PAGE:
BANGKOK (Reuters) – Thai youth activists vowed to stage a protest on Sunday to demand the resignation of Prime Minister Prayuth Chan-ocha, despite a nation-wide ban on public gatherings imposed by the government amid surging coronavirus cases.
Youth-led demonstrations last year attracted hundreds of thousands of people across the country, but their momentum has stalled after authorities began cracking down on rallies and detaining protest leaders, and after new waves of COVID-19 infections broke out.
Last year protests also broke traditional taboos by openly criticizing the king, an offence under the country’s strict lese majeste law that makes insulting or defaming the king, queen, heir and regent punishable by up to 15 years in prison.
Most of the protest leaders who were detained have been released on bail and some took part in anti-government protests last month.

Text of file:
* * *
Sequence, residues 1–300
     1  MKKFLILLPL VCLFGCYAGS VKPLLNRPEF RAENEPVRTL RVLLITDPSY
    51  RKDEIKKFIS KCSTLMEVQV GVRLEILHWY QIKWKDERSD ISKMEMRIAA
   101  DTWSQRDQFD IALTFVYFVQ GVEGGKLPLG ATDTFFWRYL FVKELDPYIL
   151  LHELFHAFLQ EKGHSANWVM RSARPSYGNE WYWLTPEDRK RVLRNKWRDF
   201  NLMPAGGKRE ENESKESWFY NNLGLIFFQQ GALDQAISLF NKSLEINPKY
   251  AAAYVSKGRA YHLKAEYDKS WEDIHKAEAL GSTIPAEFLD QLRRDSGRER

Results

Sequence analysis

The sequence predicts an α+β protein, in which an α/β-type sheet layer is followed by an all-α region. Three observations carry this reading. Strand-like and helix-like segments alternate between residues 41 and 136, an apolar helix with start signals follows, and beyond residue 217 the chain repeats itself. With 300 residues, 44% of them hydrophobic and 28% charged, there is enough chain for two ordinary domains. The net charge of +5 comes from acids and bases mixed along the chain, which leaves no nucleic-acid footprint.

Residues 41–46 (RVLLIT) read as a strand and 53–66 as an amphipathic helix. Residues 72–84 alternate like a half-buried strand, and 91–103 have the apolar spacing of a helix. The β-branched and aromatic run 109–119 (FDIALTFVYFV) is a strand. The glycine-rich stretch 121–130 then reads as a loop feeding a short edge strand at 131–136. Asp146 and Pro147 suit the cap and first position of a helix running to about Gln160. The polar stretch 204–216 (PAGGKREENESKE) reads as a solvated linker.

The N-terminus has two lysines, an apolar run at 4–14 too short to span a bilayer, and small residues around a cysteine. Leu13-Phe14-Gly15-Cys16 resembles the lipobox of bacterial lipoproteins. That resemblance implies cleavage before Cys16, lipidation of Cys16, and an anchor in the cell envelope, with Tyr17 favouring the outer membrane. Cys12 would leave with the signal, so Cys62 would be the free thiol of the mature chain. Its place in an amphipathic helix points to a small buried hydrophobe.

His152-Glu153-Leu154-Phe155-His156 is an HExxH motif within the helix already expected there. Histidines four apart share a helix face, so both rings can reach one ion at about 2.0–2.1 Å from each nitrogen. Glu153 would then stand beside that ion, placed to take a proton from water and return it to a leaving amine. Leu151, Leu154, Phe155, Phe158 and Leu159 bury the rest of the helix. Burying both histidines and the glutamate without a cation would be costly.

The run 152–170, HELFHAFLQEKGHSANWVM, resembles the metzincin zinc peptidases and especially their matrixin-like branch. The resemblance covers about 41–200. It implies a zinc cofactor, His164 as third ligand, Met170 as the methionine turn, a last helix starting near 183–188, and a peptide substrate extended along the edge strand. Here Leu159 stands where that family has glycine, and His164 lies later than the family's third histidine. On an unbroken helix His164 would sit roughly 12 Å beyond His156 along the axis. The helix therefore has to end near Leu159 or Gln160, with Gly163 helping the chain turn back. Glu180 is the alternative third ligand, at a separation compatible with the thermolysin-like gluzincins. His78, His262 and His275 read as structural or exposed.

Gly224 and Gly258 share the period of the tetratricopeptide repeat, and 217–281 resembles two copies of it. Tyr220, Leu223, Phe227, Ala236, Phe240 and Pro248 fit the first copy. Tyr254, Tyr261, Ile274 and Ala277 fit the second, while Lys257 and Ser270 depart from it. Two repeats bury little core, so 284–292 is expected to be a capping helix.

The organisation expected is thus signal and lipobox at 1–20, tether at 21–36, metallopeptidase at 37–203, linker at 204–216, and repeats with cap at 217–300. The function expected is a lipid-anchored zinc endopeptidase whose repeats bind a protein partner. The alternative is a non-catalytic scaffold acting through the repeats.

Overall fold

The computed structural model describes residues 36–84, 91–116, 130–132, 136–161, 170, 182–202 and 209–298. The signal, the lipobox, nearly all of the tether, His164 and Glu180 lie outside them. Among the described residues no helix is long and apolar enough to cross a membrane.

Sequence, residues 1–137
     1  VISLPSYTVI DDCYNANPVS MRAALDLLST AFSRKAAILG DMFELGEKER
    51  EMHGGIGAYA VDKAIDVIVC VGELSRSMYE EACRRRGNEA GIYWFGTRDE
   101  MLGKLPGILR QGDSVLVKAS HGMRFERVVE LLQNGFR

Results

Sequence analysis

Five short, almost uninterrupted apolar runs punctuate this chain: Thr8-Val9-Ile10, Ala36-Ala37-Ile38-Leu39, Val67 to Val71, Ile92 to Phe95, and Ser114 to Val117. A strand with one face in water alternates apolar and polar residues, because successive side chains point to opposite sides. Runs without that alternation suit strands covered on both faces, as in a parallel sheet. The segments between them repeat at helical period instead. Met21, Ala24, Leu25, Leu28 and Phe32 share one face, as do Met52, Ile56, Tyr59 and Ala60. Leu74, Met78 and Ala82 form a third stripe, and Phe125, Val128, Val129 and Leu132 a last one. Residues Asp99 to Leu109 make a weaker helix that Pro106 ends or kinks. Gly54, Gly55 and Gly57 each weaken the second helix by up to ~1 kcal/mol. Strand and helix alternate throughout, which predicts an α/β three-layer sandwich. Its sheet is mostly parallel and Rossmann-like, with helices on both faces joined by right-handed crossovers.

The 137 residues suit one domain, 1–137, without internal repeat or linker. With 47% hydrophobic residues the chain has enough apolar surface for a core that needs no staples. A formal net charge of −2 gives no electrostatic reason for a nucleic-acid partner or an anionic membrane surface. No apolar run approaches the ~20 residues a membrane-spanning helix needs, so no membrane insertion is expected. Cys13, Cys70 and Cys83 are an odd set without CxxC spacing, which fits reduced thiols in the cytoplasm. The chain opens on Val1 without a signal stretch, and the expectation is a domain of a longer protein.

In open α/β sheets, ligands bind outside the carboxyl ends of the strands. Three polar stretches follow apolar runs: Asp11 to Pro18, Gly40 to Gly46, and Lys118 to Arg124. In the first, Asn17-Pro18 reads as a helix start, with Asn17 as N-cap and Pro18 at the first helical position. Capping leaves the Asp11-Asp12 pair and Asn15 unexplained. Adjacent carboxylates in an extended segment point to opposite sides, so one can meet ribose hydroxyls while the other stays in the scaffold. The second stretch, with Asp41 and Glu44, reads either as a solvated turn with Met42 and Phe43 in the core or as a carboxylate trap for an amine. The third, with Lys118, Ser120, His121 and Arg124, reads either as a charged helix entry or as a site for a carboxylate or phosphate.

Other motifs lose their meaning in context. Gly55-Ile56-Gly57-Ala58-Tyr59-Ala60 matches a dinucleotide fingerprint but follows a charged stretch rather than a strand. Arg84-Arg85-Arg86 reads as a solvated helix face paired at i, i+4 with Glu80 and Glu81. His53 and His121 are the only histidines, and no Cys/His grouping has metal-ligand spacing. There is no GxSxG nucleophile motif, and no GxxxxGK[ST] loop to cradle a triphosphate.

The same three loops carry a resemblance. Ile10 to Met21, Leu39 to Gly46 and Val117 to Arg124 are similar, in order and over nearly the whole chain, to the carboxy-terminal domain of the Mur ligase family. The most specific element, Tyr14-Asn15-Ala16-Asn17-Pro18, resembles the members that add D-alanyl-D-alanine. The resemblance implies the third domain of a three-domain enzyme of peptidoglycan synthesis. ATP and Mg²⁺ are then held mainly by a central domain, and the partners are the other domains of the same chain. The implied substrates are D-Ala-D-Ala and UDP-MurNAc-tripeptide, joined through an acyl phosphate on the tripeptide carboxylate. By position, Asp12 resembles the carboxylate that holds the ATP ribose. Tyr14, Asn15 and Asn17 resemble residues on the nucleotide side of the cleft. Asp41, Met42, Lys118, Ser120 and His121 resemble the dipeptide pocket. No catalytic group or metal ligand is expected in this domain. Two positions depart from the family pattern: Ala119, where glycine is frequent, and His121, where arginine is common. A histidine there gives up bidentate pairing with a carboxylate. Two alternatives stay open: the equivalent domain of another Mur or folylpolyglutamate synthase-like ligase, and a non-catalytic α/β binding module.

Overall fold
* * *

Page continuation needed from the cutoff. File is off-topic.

“We have to drive out Prayuth even if my bail is revoked,” said one protest leader, Arnon Nampa, ahead of the planned Sunday march from Democracy Monument to Government House in Bangkok.
The protest will also mark the one-year anniversary of the first large-scale street protests led by youth groups demanding Prayuth resign, a new constitution and a major reform to the monarchy.
The Thai government has earlier imposed a new nationwide ban on public gatherings of more than five people which carries a maximum penalty of a two-year jail term or a fine of up to 40,000 baht ($1,220), or both.
The country reported a third straight day of record new cases on Sunday.
Police urged people not to join the protest and warned that those who breached the law and cause unrest will face charges.
Street protests against the prime minister have been held in recent weeks by several groups, including Prayuth’s former political allies, as frustrations grow over the mounting wave of infections and prolonged pandemic damage to the economy.
($1 = 32.7900 baht)
(Reporting by Panu Wongcha-um; Editing by Kim Coghill)